Articles Posted in FINRA

Shepherd, Smith, Edwards & Kantas (“SSEK”), a law firm specializing in representing wronged investors, is looking into allegations made by FINRA in a recent AWC filing against Booth.   In February 2018 LPL acquired INVEST.  Booth had been working at INVEST since 2005 and has been a broker since 1988.  In the AWC it is alleged that Booth received client assets with the promise of investing said assets on behalf of the clients.  Booth instead used client assets for his own personal use and never actually invested the assets.

According to Booth’s official record or CRD, he has 25 disclosures or claims against him.  This is an unusually high number, and generally indicates poor supervision.  Almost all of the complaints are on the violative conduct listed above.  According to the FINRA CRD report, most of his former clients complain of a “Ponzi scheme using multiple shell companies.”

LPL fired Booth, and according to LPL this was done after Booth admitted to misappropriation of multiple client’s assets for his own use. It should be noted that FINRA has also barred Booth from the industry and can no longer act as a stockbroker or advisor under FINRA.

An investor who filed an arbitration claim against Arkadios Capital for selling her GPB Capital Holdings private placements now has a hearing date set before a Financial Industry Regulatory Authority (FINRA) panel: April 20, 2020. This is one of the first GPB investor fraud case brought against a brokerage firm to get a hearing scheduled before one of the self-regulatory authority’s (SRO) arbitrators. Our broker fraud lawyers at Shepherd Smith Edwards and Kantas, LLP (SSEK Law Firm) are representing this claimant.

The investor, who is a woman from the greater Atlanta, Georgia area, is claiming hundreds of thousands of dollars in retirement fund losses after her financial adviser, an Arkadios broker, recommended the GPB securities to her. While with the broker-dealer, her portfolio became especially concentrated in private placements, including the GPB Holdings II Limited Partnership. Now, the claimant is contending that this GPB investment, in particular, was an extremely unsuitable recommendation for her, especially since it involved her IRA from which no losses can be offset.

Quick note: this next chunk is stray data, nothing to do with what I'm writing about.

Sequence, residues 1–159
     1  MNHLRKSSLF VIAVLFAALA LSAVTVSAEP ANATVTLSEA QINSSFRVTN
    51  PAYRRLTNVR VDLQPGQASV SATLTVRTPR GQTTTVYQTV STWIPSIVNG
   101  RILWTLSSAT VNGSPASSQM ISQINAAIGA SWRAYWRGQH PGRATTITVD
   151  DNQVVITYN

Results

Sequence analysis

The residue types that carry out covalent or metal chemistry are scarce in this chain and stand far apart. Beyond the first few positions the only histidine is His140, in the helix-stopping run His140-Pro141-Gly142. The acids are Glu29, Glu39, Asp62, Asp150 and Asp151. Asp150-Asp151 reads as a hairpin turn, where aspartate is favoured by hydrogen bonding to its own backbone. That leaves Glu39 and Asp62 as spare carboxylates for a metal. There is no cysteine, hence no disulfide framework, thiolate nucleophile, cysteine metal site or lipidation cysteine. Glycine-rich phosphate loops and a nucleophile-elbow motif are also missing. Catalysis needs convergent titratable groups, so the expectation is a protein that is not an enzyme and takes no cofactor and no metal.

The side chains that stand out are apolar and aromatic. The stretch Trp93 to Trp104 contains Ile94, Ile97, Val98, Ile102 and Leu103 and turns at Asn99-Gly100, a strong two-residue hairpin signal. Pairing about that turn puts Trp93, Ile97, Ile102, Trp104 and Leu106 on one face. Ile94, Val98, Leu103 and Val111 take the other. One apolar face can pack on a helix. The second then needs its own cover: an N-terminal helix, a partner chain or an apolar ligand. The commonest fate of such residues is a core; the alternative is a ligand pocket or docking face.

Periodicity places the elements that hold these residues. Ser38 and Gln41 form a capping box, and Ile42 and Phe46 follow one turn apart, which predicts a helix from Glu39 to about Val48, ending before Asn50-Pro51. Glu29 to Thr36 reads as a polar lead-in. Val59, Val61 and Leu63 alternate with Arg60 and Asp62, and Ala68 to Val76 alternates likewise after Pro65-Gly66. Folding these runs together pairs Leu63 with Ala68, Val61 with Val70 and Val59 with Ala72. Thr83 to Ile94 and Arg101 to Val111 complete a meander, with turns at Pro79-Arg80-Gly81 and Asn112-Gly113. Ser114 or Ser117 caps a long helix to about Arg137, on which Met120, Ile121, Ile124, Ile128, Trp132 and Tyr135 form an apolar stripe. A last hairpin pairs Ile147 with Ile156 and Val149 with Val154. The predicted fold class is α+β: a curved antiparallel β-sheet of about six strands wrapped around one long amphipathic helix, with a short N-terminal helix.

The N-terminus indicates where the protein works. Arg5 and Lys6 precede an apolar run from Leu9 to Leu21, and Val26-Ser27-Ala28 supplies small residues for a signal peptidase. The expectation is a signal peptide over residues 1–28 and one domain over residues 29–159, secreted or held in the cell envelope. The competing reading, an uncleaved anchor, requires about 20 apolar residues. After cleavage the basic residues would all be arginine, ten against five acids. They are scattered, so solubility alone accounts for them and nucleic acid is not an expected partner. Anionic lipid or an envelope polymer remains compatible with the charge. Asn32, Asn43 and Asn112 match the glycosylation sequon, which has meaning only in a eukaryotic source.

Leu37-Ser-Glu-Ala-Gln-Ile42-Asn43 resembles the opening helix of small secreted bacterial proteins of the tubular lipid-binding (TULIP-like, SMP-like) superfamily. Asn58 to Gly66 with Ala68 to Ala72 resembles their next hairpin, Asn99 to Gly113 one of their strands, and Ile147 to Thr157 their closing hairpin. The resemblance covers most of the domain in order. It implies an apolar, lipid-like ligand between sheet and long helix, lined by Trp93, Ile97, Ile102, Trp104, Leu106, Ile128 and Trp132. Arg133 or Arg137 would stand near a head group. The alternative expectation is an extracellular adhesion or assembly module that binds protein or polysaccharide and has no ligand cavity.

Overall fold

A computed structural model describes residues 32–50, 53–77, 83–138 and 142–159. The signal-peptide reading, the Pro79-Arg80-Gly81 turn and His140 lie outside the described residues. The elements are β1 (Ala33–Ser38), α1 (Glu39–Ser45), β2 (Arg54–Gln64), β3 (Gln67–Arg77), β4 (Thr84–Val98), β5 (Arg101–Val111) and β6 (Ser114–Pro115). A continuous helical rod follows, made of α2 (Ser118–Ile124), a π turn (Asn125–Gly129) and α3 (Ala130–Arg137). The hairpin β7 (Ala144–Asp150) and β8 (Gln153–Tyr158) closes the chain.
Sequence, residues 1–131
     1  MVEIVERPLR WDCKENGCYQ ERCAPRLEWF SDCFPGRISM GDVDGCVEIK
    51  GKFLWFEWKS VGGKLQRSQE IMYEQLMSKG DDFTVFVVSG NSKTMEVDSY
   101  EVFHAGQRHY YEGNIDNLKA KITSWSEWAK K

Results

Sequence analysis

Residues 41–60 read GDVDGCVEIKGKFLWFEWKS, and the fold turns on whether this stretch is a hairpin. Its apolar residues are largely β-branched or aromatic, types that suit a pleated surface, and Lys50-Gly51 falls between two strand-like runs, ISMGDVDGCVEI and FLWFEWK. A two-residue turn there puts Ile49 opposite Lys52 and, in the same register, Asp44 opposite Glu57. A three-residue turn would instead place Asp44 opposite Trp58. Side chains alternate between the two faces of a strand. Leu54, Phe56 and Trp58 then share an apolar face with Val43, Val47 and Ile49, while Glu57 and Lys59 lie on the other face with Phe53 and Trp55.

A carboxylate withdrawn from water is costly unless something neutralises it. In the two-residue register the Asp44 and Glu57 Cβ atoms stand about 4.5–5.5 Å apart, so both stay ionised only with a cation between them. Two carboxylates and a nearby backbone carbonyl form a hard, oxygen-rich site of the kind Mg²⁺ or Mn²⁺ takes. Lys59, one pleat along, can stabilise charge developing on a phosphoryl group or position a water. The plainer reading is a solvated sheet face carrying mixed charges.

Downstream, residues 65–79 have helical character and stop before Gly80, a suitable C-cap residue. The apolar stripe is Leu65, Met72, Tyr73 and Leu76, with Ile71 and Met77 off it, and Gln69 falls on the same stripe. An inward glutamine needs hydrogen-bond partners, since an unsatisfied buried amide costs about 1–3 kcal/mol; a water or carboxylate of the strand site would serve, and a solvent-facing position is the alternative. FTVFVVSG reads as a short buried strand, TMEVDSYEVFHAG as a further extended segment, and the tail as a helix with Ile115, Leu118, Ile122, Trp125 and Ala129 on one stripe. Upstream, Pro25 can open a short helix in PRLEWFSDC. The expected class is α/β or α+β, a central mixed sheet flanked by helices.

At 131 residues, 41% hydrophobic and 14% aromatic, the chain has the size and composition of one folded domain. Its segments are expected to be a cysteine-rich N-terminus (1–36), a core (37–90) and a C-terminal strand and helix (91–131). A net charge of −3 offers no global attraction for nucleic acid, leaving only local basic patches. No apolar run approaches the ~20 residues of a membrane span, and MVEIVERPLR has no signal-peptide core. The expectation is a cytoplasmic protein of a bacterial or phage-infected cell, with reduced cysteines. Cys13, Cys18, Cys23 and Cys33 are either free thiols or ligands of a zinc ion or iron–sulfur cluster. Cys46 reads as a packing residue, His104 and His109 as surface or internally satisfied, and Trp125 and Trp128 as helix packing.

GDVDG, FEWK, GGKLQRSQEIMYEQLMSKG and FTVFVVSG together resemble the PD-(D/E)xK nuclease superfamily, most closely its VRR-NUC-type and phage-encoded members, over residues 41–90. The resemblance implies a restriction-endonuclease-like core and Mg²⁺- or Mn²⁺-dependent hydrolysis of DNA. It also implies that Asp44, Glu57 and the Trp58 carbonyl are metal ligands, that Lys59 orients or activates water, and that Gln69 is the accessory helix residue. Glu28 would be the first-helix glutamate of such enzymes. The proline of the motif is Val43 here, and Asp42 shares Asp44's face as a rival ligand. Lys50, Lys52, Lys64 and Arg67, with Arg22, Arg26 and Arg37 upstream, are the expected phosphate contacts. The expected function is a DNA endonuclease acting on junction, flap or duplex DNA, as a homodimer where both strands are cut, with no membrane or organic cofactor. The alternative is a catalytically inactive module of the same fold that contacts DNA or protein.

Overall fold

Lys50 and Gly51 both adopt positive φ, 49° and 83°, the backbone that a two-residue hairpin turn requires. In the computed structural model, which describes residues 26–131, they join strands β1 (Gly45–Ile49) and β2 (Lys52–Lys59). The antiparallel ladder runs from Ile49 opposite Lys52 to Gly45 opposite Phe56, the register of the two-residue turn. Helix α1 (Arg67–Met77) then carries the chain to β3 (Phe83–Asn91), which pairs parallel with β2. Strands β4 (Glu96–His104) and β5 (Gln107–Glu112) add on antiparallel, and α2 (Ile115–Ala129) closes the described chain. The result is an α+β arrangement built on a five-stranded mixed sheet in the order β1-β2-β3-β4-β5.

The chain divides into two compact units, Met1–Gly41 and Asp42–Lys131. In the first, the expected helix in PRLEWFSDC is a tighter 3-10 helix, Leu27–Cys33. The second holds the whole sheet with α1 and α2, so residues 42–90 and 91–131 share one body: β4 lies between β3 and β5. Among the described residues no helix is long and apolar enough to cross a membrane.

Our client maintains that she was not aware of the risks involved in the investment strategy used by her Arkadios broker. She is alleging unsuitable recommendations, omissions, misrepresentations, gross negligence, due diligence failures, breach of fiduciary duty, negligence, and inadequate supervision. The investor is seeking damages, interest, and costs.

If former Cetera Advisers broker James Christopher Hayne has handled your investments  and you suffered investment losses that you suspect were due to fraud or negligence, you should speak with an experienced stockbroker fraud law firm right away. Over the years, Hayne, a Texas broker, has been named in numerous customer arbitration claims brought  before the Financial Industry Regulatory Authority (FINRA).

With 17 years in the industry, Hayne, previously was a registered broker with Questar Capital, First Allied Securities, Edward Jones, and Morgan Stanley. His BrokerCheck record shows nine customer disputes, five of which were settled.

Most recently, there was the Financial Industry Regulatory Authority claim brought against Hayne by a customer that was resolved for $325K. The former client had requested $100K in damages. In that investor fraud case, Hayne  was accused of violating both the Texas Securities Act and California Corporate Securities Law, breaching contractual duties to the claimant, negligence in the way he handled the latter’s account, and causing the customer to suffer investment losses.

Two different groups of investors were recently awarded nearly $9.3 million in their respective Puerto Rico bond fraud claims against UBS Financial Services (UBS). These are just the latest Financial Industry Regulatory Authority (FINRA) arbitration claims where the Swiss giant and its Puerto Rico-based brokerage firm have been ordered to pay customers after selling over $10 billion of closed-end funds that were heavily invested in the island’s municipal debt. To date, UBS has paid hundreds-of-millions-of-dollars to investors in either arbitration awards or settlements.

In one of these latest Puerto Rico investor fraud cases, the claimants are three investors and their related businesses and trusts. The customer claimants contend that UBS violated FINRA’s rules and the U.S. territory’s securities laws, as well as committed other fraudulent acts. Now, the FINRA arbitration panel has awarded them $4.25 million in compensatory damages, interest, and $170,000 for costs.

In the other Puerto Rico bond fraud claim, the claimants were customers alleging constructive fraud, common law fraud, breach of fiduciary duty, negligent misrepresentation, negligent supervision, breach of contract, and fraudulent concealment. The FINRA arbitration panel awarded them $4.8 million in damages.